Bataan Death March in 1942
Dr. Albert Brown was a 32-year-old practicing dentist with a wife, three children, a pilot’s license and a small air transport business when he was called up for military service in the Philippines in 1937 as the United States geared up for war four years before the Japanese attacked Pearl Harbor. The godchild of Buffalo Bill Cody, he is now, at 105 years-of-age, the oldest living American World War II veteran despite the fact that army doctors didn’t expect him to live beyond 50 as a result of his wartime injuries and illnesses. A robust athlete whose basketball team had defeated the famous Harlem Globetrotters, “Doc” Brown, was reduced to less than 90 pounds at war’s end. He spent two years in veterans’ hospitals and did not see to his family again for ten years.
Dr. Brown, right, speaks with Dan Morrow. Photo originally published in the Danbury News-Times.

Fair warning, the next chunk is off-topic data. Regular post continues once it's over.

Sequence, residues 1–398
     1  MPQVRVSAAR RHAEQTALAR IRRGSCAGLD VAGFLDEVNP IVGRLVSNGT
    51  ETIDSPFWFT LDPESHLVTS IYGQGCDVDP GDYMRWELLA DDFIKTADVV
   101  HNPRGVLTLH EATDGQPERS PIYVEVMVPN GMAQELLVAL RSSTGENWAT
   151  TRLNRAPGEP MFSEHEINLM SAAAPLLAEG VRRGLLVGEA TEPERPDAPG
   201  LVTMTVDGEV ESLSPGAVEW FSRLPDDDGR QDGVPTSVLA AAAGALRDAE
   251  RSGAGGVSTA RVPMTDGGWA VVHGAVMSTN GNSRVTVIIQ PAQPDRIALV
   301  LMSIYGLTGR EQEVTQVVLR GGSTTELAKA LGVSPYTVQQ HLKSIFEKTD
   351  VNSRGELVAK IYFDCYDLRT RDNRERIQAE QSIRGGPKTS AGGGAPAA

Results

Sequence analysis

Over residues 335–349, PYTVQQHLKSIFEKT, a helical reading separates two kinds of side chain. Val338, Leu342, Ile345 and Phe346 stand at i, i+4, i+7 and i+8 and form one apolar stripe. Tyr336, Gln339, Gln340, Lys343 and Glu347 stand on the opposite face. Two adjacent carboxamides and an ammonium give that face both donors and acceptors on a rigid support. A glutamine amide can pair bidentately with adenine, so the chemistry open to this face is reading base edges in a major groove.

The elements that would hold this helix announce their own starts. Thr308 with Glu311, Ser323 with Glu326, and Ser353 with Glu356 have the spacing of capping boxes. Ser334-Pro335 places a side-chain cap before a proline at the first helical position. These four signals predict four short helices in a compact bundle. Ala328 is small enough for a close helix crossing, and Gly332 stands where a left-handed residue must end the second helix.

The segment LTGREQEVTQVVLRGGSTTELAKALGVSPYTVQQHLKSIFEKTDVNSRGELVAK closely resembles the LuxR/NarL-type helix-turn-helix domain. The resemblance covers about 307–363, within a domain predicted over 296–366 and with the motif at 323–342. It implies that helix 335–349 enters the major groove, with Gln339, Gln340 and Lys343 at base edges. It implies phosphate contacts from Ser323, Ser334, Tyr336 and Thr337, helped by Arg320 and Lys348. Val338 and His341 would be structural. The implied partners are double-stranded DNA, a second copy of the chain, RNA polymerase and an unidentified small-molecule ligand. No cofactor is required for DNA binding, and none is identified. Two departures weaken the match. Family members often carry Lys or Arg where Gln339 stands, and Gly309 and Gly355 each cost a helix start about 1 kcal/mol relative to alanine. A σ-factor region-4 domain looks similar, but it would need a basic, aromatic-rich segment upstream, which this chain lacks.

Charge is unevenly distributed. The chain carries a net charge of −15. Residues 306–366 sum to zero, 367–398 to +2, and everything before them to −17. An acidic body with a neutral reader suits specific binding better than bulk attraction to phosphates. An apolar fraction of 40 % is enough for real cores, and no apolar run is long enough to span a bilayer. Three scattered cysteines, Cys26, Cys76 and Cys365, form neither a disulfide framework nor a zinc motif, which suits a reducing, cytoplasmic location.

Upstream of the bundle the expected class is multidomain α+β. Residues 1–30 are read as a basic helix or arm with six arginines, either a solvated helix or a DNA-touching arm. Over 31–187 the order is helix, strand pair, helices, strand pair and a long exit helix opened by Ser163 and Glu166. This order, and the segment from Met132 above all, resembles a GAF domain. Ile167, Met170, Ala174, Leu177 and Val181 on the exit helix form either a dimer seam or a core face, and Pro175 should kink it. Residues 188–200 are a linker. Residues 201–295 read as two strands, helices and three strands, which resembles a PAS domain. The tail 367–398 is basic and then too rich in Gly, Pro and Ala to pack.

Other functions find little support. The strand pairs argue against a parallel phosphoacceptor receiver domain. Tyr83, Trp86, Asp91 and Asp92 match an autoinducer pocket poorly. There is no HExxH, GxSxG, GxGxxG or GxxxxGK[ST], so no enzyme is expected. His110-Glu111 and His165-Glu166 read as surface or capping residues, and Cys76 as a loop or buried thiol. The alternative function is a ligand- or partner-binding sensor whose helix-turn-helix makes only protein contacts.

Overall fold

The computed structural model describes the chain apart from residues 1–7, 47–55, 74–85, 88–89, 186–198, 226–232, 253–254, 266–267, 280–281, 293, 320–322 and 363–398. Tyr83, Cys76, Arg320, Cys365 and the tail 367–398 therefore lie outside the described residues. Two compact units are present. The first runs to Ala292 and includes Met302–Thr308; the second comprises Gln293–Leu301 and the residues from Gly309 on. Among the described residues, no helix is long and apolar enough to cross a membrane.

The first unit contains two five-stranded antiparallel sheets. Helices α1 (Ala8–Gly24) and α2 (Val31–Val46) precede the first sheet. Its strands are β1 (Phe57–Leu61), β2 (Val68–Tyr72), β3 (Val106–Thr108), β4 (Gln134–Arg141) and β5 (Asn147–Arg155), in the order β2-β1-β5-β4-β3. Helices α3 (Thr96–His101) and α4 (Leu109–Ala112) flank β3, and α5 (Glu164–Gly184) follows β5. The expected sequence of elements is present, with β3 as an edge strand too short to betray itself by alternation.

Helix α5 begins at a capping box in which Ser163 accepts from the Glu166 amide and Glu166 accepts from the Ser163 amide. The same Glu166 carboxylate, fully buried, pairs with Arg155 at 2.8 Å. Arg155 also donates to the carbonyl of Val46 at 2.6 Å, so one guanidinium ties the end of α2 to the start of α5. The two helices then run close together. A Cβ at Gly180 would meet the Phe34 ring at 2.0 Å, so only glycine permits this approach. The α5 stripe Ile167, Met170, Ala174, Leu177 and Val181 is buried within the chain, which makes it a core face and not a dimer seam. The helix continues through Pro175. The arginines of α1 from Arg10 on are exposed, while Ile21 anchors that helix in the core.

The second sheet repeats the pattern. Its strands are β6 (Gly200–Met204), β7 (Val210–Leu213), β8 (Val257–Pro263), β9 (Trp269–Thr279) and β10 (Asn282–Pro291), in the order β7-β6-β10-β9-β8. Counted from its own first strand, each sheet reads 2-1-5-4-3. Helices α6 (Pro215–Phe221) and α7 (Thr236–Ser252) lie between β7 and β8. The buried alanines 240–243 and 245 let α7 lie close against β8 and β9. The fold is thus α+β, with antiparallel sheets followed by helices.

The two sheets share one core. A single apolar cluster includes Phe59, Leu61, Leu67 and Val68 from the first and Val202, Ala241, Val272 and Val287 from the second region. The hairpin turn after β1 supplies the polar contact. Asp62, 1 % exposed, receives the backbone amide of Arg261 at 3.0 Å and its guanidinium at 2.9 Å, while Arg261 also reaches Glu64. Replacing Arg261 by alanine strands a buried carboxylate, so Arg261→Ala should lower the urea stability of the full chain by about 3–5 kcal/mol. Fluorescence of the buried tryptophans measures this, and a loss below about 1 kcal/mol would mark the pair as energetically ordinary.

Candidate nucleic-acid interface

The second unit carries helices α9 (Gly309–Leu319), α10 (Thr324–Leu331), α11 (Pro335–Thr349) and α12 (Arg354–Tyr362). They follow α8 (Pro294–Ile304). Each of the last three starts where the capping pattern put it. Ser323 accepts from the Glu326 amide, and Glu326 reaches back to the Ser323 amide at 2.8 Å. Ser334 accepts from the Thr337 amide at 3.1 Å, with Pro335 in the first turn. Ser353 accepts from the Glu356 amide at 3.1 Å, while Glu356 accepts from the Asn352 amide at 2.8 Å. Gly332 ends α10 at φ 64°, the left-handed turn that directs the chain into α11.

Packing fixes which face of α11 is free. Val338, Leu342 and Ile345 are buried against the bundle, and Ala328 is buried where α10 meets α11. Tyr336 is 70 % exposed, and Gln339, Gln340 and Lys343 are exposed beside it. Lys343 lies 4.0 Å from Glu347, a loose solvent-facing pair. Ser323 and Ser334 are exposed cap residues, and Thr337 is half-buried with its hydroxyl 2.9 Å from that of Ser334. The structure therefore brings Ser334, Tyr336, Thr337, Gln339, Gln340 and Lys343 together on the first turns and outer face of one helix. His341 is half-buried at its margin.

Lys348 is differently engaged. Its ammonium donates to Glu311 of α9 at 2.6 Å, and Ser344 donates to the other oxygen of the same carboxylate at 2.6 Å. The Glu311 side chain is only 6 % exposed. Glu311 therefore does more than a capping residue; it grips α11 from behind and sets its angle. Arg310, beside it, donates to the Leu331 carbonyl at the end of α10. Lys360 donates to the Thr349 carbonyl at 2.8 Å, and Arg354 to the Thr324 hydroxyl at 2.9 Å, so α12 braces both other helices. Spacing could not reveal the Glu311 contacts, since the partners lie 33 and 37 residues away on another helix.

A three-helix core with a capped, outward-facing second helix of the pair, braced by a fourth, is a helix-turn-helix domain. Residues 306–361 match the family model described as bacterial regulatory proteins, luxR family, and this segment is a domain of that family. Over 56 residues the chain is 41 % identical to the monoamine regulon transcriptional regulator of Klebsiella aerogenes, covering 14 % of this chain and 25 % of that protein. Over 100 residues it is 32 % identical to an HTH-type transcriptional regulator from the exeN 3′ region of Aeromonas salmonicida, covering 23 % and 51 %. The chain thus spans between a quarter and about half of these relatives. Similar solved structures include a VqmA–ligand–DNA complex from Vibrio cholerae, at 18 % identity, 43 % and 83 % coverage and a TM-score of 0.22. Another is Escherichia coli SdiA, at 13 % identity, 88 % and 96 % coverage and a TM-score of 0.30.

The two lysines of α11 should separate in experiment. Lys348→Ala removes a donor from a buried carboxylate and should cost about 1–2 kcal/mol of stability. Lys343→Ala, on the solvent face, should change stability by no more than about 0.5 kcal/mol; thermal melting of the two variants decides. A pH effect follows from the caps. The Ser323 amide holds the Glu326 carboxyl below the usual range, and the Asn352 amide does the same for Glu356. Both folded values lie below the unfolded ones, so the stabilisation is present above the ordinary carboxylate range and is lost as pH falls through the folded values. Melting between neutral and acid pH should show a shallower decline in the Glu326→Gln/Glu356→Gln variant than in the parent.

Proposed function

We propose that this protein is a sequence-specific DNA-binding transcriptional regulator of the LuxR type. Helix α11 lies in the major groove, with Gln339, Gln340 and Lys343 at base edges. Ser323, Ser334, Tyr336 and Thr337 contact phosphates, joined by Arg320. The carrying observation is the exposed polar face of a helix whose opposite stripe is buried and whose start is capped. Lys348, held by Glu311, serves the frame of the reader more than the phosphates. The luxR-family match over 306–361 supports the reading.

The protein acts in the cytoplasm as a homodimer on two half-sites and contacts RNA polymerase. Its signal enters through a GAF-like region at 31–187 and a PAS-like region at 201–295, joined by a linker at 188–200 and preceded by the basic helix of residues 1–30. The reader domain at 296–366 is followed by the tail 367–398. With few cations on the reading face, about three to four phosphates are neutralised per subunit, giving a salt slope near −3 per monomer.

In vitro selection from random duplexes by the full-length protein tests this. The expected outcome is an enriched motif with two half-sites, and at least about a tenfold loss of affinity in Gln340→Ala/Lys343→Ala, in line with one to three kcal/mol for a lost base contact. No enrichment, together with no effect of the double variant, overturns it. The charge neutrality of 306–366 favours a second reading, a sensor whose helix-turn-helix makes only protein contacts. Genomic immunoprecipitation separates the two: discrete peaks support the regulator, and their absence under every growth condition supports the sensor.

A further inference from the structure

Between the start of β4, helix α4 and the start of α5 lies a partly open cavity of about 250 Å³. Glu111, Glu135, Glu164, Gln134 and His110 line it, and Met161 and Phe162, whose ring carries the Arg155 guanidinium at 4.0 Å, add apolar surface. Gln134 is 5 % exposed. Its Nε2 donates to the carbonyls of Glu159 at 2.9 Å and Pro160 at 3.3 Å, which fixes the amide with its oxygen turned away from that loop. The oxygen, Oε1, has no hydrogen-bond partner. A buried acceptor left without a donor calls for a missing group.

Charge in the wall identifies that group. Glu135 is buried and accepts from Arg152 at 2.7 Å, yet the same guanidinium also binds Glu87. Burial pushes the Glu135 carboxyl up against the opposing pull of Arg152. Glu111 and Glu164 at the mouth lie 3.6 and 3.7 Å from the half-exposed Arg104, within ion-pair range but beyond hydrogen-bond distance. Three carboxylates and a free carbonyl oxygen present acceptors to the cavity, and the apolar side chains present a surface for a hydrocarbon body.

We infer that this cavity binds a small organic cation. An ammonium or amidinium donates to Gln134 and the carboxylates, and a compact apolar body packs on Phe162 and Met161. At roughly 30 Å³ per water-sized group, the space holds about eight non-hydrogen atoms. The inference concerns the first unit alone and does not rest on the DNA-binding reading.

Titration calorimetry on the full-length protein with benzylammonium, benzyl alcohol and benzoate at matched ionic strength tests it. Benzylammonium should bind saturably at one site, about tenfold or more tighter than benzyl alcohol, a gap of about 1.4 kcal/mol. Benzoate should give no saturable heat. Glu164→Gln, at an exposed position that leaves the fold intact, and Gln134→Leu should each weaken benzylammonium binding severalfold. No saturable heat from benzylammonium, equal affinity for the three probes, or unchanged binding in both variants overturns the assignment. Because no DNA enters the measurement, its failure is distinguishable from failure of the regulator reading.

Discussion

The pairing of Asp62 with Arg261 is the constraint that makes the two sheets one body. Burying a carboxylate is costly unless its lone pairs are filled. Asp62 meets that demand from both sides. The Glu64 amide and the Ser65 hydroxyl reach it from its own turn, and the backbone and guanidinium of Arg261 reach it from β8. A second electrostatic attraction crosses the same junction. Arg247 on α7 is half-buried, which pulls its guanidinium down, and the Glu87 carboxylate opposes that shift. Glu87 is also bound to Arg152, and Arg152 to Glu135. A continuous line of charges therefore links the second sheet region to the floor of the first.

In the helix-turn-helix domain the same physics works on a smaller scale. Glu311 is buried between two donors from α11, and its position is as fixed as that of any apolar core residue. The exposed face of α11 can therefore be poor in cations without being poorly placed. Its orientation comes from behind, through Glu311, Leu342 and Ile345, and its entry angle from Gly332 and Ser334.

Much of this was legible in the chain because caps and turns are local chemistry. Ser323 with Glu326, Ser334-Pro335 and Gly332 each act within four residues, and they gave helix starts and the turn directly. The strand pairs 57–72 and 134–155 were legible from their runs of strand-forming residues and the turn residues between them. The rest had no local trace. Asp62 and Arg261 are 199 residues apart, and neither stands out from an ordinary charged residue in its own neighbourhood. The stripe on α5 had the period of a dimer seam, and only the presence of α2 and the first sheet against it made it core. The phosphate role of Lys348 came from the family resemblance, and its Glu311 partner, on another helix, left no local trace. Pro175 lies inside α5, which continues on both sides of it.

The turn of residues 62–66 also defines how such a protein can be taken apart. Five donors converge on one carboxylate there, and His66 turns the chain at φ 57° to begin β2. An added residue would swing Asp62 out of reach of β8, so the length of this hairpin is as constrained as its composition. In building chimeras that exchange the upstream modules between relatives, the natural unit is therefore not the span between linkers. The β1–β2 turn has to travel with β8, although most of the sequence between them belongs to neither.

His remarkable story of surviving the 1942 Bataan Death March as well as the atrocities that ensued at the hands of the Japanese has been documented in a recently published book Forsaken Heroes of the Pacific War: One Man’s True Story by Waterbury native Kevin Moore and Don Morrow of Danbury. Morrow, himself a WWII veteran, met Brown while both were living in California and later brought his story to the attention of Moore, who also resides in Danbury.
The co-authors will discuss Brown’s life and experiences at a book talk and signing at the Silas Bronson Library Thursday, July 21, at 6:30 p.m. Copies of the book will be available for sale and signing. Profits will benefit the Wounded Warriors Project, a nonprofit organization that assists military service members struggling to meet medical, social and personal needs resulting from service-related injuries and illnesses. Admission to the program is free.